Some See Cancer Care as Case Study for Cost Control Initiatives
Limits placed on profits that physicians can make on cancer drugs have left some oncologists "searching for new income," such as by "performing additional treatments that" have "the best reimbursements, whether or not the treatments" benefit the patients, the New York Times reports.
Medicare until 2005 paid a markup of 20% to 100% for many cancer drugs, along with injectable treatments for arthritis and other diseases. In 2005, Congress changed the reimbursement system to pay physicians 6% more than the average price for a given treatment.
The reduction in reimbursements "did not reduce overall federal spending on cancer care," which has increased slightly in the last two years, and the difference in spending "mostly represented profit that doctors had made on the drugs," the Times reports. However, cancer doctors say the "change did nothing to reduce a larger problem in cancer treatment," according to the Times.
The decrease in payments has made it difficult for smaller practices to break even on cancer drug purchases because the practices often do not buy enough of any drug to receive rebates or discounts from drug manufacturers. Some oncologists have attempted to increase profits by "performing chemotherapy more often or installing multimillion-dollar imaging machines where they profit when their patients receive diagnostic scans" and by "putting new pressure on cancer patients to make out-of-pocket drug copayments," according to the Times.
The situation "offers a vivid example of how difficult it may be to rein in the nation's runaway health care spending without fundamentally changing the way doctors are paid," the Times reports.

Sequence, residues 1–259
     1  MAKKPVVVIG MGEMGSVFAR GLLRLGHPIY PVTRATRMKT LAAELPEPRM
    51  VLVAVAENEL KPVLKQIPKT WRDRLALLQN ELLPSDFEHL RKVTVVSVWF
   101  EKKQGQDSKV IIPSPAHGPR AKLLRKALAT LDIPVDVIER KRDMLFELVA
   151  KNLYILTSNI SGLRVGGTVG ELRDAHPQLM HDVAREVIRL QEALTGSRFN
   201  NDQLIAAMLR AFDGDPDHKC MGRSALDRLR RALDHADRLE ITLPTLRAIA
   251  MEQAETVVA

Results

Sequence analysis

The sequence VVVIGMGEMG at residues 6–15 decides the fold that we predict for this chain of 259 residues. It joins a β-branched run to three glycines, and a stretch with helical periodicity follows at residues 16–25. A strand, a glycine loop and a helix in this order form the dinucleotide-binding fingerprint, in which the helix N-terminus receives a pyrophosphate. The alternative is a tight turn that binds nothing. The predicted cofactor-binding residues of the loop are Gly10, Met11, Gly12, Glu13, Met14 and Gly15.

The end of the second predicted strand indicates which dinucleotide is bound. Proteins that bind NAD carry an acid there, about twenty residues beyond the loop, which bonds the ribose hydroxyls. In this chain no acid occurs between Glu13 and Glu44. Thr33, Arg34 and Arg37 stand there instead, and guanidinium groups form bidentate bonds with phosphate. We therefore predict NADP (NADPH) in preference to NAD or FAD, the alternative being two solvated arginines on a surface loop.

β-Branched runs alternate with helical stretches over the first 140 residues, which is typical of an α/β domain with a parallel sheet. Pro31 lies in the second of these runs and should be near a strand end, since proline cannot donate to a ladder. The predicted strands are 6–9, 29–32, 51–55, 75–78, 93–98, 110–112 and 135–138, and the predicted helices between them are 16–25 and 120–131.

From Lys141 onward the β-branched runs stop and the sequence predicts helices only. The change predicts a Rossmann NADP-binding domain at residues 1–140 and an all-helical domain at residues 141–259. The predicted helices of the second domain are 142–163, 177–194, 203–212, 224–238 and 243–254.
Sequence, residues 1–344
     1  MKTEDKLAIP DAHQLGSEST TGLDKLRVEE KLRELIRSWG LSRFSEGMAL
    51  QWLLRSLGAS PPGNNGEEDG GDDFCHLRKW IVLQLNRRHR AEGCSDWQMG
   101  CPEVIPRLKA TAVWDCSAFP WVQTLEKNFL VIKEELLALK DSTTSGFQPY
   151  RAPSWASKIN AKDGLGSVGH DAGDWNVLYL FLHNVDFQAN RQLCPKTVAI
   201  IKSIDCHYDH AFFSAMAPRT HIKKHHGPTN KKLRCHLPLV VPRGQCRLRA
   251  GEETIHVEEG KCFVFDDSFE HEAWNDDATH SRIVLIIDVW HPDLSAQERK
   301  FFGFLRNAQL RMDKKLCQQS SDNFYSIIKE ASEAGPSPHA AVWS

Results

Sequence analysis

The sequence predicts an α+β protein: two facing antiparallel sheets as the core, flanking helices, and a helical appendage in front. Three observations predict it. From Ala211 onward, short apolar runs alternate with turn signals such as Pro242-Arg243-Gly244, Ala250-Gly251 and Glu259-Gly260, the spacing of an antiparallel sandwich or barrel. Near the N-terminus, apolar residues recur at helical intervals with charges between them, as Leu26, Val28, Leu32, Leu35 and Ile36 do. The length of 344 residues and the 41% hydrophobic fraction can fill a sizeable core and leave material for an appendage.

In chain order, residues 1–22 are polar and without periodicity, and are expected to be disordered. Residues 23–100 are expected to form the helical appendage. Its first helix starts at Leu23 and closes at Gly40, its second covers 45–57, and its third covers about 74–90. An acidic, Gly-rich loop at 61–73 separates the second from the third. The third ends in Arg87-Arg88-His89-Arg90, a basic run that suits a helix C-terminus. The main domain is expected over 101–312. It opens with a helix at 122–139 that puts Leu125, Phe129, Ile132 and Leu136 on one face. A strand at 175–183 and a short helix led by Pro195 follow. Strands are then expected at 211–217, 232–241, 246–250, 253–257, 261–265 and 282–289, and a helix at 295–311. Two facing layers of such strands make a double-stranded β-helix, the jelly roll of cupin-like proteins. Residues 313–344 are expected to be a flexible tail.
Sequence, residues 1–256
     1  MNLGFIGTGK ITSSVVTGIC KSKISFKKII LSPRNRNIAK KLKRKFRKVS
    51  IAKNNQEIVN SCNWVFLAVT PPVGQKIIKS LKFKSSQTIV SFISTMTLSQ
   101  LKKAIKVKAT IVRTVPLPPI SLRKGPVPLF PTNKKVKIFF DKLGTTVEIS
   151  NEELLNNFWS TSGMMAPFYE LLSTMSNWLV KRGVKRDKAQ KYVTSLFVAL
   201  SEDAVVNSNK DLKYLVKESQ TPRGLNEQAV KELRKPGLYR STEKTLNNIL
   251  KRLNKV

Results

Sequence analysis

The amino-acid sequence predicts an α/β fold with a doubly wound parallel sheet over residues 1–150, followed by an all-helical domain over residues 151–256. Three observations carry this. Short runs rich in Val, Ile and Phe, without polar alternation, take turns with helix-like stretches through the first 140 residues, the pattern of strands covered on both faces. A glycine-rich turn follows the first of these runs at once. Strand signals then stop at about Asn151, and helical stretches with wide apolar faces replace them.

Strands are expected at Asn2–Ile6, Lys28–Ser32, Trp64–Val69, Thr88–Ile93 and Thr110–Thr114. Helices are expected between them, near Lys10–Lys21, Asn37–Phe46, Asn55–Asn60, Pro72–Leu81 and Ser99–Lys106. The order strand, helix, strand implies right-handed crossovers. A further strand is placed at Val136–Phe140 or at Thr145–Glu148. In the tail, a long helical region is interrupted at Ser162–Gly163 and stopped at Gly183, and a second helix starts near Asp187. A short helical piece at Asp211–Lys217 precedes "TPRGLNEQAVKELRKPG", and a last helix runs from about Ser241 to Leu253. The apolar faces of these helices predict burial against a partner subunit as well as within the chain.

Robert Geller, a former oncologist and senior medical director at Alexion Pharmaceuticals, said oncologists likely will continue to find ways to profit from Medicare as long as they are paid by procedure and not for time spent with patients (Berenson , New York Times, 6/12).
In related news, the Times examined how before the change to Medicare reimbursements for cancer treatments, pharmaceutical companies "sometimes calculated to the penny the profits that doctors could make from their drugs" and sales representatives from the companies "shared those profit estimates with doctors and their staffs," according to industry documents that have become public in a federal civil lawsuit against drug makers.
The lawsuit, filed by cancer patients and health insurers, alleges that marketing practices of drug companies caused them to be overcharged for oncology medicines because list prices for the drugs were higher than the actual cost of the drugs for physicians (Berenson , New York Times, 6/12).